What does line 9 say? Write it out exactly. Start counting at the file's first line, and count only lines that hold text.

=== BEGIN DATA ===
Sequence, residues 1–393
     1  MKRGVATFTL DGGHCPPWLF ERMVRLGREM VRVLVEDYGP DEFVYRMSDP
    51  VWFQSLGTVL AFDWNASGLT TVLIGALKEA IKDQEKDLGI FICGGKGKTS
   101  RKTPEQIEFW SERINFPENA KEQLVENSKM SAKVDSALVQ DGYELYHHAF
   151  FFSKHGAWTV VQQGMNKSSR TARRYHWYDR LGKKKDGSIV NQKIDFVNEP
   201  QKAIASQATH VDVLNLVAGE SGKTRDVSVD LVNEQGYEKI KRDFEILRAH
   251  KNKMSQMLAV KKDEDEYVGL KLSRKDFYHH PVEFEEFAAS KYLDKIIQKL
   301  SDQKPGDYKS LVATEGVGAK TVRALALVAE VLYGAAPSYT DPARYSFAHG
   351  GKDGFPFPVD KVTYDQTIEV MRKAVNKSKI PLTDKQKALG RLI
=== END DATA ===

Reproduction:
   351  GKDGFPFPVD KVTYDQTIEV MRKAVNKSKI PLTDKQKALG RLI